$25 Bay Area Chinese Genealogy Group 2021 Membership

Dear BACGG Family

I hope 2021 finds you healthy, and looking forward to new BACGG programs. Our potlucks at the Family History Center are sorely missed. But the biggest loss due to COVID, was being and bonding as a genealogy family. Missed are the live sharing of stories and family history.

It is time to sign up for your 2021 membership, of $25, payable by Feb 11, the day before Chinese New Years when you traditionally pay your debts. Please consider continuing your membership and supporting BACGG with $25 online by Paypal, Zelle, Apple Pay, credit card using Square, google payment or Venmo at:  https://bacgg.org/index.php/due/   Or, you may send a check written to BACGG, 4391 26th St., San Francisco, CA, 94131-1809.  BACGG is not a nonprofit organization and your payment is not tax deductible.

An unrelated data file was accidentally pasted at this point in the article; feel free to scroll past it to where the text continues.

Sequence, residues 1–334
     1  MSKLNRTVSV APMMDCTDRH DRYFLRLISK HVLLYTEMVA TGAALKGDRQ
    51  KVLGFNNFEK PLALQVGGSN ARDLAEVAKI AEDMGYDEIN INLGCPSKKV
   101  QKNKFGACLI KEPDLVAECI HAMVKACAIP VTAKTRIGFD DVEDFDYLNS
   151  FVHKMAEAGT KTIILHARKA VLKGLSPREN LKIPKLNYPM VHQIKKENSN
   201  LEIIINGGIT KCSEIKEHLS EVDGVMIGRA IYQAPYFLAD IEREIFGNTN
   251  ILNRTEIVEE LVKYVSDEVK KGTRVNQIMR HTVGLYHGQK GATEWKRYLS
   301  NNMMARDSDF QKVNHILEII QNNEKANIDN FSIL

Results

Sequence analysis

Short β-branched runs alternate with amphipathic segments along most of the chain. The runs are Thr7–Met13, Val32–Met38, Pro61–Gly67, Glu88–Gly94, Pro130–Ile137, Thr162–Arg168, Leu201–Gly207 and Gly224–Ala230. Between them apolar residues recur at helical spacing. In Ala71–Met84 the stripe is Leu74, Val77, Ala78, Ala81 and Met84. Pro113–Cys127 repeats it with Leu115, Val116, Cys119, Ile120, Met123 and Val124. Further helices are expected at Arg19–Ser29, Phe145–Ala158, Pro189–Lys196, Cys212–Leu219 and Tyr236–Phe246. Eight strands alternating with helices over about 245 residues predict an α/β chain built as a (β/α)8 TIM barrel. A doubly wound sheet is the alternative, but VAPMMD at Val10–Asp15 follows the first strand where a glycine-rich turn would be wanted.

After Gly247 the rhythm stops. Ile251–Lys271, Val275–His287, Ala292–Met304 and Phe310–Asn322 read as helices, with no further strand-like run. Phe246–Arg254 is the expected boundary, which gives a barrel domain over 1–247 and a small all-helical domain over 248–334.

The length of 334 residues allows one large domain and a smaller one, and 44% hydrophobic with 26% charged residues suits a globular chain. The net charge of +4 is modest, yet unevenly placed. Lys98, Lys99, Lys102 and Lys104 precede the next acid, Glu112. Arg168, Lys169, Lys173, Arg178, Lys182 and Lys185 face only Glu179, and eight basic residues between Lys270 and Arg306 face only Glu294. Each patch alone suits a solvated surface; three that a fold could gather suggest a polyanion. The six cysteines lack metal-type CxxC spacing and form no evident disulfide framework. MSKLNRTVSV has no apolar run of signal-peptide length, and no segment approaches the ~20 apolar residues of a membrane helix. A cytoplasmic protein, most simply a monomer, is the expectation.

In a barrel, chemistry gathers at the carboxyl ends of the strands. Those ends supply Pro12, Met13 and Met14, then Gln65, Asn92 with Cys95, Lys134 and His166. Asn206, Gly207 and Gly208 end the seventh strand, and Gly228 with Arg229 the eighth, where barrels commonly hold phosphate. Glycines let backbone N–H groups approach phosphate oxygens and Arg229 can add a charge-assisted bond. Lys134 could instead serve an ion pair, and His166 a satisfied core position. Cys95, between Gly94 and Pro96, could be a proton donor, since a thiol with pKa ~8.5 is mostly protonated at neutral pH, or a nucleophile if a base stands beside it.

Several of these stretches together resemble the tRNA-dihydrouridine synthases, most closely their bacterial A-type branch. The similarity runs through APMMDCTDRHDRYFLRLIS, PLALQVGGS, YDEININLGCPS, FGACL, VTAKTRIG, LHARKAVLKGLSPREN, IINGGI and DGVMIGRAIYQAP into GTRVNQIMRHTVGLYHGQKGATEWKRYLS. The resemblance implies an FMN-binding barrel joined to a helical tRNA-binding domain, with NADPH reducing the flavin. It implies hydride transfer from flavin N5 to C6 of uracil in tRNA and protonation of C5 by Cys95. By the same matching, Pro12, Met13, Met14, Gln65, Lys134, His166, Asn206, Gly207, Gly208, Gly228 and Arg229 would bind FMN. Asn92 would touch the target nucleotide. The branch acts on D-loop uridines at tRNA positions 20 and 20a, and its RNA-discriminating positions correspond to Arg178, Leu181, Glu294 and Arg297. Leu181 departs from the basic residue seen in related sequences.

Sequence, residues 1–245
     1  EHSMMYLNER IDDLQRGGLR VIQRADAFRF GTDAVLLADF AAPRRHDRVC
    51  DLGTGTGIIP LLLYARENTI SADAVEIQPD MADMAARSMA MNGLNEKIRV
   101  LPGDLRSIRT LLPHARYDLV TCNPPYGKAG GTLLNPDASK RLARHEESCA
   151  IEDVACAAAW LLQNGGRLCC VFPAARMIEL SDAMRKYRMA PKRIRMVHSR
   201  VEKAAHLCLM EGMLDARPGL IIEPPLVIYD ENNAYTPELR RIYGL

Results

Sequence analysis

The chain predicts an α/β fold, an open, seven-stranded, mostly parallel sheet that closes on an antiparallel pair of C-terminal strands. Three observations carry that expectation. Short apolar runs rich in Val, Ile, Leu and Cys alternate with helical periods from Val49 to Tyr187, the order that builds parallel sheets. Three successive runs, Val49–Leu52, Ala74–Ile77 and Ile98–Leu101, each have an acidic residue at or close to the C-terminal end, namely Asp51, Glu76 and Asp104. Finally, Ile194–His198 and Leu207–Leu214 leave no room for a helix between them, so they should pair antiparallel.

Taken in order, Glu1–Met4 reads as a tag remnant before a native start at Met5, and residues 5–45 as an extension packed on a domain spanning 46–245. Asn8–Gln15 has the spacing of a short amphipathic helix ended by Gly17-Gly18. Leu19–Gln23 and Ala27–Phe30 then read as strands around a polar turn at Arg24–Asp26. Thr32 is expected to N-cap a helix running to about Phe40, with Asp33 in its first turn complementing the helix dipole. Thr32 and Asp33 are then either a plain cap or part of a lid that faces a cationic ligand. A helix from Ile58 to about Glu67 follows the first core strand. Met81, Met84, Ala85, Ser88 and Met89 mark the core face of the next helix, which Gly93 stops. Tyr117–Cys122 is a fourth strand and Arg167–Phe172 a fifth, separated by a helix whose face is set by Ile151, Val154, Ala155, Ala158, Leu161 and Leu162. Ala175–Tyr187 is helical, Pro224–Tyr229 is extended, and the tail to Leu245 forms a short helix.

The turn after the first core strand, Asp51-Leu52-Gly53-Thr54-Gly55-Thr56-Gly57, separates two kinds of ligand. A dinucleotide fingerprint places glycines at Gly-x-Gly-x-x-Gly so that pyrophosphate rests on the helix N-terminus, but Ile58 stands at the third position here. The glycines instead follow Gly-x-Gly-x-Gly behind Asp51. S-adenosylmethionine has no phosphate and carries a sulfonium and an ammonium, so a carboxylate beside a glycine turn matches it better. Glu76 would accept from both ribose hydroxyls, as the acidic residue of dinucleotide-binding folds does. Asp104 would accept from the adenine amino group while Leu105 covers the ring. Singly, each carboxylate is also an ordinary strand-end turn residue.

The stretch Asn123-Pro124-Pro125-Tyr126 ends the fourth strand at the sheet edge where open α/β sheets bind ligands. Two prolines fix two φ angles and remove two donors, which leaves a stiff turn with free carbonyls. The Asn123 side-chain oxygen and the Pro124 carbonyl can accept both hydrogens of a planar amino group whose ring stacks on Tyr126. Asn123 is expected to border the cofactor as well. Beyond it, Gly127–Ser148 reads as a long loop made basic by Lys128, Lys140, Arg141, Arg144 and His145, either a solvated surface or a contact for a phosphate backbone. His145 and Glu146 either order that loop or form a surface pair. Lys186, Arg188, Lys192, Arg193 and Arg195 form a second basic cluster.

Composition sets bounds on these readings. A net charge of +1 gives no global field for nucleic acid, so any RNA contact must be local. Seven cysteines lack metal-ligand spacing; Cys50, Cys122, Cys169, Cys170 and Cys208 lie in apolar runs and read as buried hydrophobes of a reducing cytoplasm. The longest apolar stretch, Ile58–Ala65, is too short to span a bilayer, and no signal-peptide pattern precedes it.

It looks like we will not be meeting live in the near term, so you probably asking why should I continue being a member? Well, it actually costs us more to run BACGG remotely due to technology costs, rather than live. BACGG cannot survive without your support as we are a 100% all volunteer organization. 

Here are some of the things we delivered in 2020, despite COVID.

New BACGG Website (bacgg.org). We had 10,033 logins viewing 19,893 pages for news, new programs and family history research tips.

1 Live Event, and 6 Webinars covering Chinese New Year, Family Associations, Chinese Night Clubs, Operation: WWII Chinese American GI, and how to use Census / Vital Records data to find your past.

Networking. Through the BACGG network, members have helped members overcome genealogy roadblocks.